Profile

Cover photo
Eric Leventhal Arthen
Lives in Massachusetts, USA
255 followers|43,960 views
AboutPostsPhotosVideos

Stream

Eric Leventhal Arthen

Shared publicly  - 
 
 
Welcome all to the inaugural Golden Balloon Awards 2014!

We are taking this opportunity to look at some of the greatest feats achieved by our Loon balloons as we wind our way to the end of 2014 and finish landing our fleet for analysis and upgrade. From frosty temperatures to country hoppers, speed demons to masters of endurance, we take a look at some of the records from the project to date. Here we go…

#1 The Marathoner - Launched from New Zealand in July 2014, the Marathoner just kept going and going, reaching 134 days aloft before being brought down to land in Chile. Constantly monitoring such a long-lasting balloon throughout its lifetime has provided us with lots of valuable data that can help us replicate this success in the future.

#2 Global Traveller - While much of our fleet spends its time sweeping around the globe, we decided that one balloon should take its time discovering the Southern Hemisphere. So we packed its bags, gave it some sage travelling advice in the form of our automated control algorithms and sent it on its own little trip around the world - and what a trip it had! Launching from Brazil as part of our LTE test in June 2014, we maneuvered it over 23 separate countries across South America, Africa, Asia and Oceania before finally landing it with a full passport and a balloon full of memories.

#3 Sprint Star - The quickest a Loon balloon has travelled is 324 km/h while rushing to the South Pacific ocean over Antarctica - a similar speed to the world’s fastest animal, a fellow traveller of the skies, the Peregrine Falcon. Like any good sprinter though, this balloon needed to rest up, reducing its speed to a relatively sluggish 67 km/h while travelling over the south of Argentina, and it is this difference in speed that is really important to us. To provide coverage where and when it’s needed will require balloons to whiz over certain areas and linger for longer at others so that there is always a balloon overhead where needed. 

#4 The Frosty Survivor - It can get very, very cold up in the stratosphere. The coldest temperature one of our balloons had to endure was -83°C (-117°F) while travelling over the Chilean/Argentine border. The cold is a real challenge for our balloon manufacturing team. At such low temperatures the balloon envelope can become brittle and fragile. Selecting the right material and stress-testing it at extremely low temperatures in our labs has helped ensure that Loon balloons are durable enough to handle these temperatures for long periods of time.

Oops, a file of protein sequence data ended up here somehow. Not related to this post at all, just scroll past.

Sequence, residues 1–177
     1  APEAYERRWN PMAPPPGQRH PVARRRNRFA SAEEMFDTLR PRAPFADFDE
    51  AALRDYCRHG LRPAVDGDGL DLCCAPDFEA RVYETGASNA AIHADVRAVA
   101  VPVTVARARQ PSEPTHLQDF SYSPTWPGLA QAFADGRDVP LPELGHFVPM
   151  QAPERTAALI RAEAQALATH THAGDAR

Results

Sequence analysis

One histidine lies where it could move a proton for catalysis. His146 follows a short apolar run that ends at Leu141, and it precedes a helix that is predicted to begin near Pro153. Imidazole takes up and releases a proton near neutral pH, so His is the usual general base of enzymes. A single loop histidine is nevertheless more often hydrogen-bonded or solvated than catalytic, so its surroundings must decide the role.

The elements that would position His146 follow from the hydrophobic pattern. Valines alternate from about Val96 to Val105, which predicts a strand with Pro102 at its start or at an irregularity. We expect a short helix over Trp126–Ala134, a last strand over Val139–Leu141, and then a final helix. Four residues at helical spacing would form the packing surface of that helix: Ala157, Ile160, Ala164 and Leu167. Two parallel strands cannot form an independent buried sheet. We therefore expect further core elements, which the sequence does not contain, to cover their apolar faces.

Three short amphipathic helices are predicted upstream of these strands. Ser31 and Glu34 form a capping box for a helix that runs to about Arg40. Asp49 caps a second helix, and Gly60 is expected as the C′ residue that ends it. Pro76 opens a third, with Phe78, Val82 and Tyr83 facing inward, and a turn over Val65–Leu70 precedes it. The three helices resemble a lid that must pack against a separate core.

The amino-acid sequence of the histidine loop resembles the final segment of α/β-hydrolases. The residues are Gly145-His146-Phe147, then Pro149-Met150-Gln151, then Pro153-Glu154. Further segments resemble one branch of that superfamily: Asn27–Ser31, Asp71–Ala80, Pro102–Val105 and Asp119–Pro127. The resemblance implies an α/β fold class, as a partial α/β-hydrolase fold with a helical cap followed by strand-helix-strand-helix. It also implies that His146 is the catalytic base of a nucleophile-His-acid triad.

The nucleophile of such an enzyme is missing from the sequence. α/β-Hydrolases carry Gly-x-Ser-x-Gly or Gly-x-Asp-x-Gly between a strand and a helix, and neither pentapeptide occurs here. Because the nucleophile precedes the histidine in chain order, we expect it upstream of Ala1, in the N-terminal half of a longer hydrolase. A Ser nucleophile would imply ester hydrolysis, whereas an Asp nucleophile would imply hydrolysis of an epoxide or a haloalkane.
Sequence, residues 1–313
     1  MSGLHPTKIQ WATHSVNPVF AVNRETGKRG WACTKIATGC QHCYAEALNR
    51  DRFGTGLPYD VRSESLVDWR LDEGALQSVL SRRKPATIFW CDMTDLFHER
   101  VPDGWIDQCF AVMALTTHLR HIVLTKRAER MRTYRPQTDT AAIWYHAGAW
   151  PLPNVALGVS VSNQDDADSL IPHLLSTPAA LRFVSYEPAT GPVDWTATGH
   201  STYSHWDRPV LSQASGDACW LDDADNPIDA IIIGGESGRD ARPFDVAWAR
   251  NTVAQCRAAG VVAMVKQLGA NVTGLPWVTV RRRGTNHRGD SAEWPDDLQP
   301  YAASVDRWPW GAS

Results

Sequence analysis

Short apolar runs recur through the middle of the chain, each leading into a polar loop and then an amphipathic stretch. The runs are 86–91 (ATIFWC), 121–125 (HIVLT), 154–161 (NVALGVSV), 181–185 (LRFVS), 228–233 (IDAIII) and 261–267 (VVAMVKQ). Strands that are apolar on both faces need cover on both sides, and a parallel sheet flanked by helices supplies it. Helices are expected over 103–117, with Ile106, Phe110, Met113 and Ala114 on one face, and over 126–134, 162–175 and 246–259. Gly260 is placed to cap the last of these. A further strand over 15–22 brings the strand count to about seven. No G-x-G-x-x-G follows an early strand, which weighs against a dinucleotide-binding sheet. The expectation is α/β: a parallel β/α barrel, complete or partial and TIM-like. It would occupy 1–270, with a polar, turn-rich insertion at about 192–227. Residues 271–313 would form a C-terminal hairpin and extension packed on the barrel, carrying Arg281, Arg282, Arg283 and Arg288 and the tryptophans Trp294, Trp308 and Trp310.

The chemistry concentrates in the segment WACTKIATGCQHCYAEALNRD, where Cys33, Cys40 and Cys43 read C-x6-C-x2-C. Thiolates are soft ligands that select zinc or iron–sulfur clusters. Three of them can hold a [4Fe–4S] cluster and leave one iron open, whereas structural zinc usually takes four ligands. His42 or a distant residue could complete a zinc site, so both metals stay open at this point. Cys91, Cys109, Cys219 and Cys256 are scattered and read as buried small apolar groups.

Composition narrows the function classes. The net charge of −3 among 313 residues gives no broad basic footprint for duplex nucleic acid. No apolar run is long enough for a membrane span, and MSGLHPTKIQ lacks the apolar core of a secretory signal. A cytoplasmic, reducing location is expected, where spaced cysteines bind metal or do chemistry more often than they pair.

#5 High-Flier - All Loon balloons fly roughly 20 kilometers above the earth’s surface, twice as high as commercial jets. This high-flier, however, reached our record altitude of 25.8 kilometers while travelling over the South Pacific ocean; nearly three times the height of Mount Everest. Altitude control is fundamental for maneuvering balloons, as different altitudes have different wind speeds and directions which our planning algorithms can predict and use to get our balloons to where they need to be. So, to our high-flier, we salute you for reaching higher than any Loon balloon has ever reached before! 
1
Add a comment...

Eric Leventhal Arthen

Shared publicly  - 
 
"BRCA Test and Re-Test" http://feedly.com/e/m29pA5Ai
As a naturopathic physician, I am interested in primary prevention, preventing illness, not just catching it early. Because of that, I was encouraged in 2007, based on my family history and European Jewish ancestry, to have the BRCA genetic test. I b...
1
Add a comment...

Eric Leventhal Arthen

Shared publicly  - 
 
a solution for broken yahoo email and list serves / "DMARC filtering on lists that munge messages" http://feedly.com/e/mj0FQlSV
DMARC filtering on lists that munge messages. Since Yahoo! switched their DMARC policy in mid-April, we've seen an increase in undeliverable messages sent from our mail server for Yahoo! accounts subscribed to our lists. Roughly half of Apache's mailing lists do some form of message munging, ...
1
Webb Scales's profile photoBruce Perry's profile photo
3 comments
 
That's fascinating.  I'd no idea that Google search would pull in Google+ items from my circles on a priority basis.
Add a comment...

Eric Leventhal Arthen

Shared publicly  - 
 
My local community has been keeping an elementary school open in our town. It has been locally funded by donations. This campaign is to help with this coming year until we can get the public school open again. I contributed, perhaps you would be willing to support it too.
4
Add a comment...

Eric Leventhal Arthen

Shared publicly  - 
 
A very interesting read, it explains some of the complexities of calculations in theoretical physics and a new way to conceive of them: "a jewel-like geometric object that dramatically simplifies calculations of particle interactions and challenges the notion that space and time are fundamental components of reality." (I'm totally a lay observer in these fields.)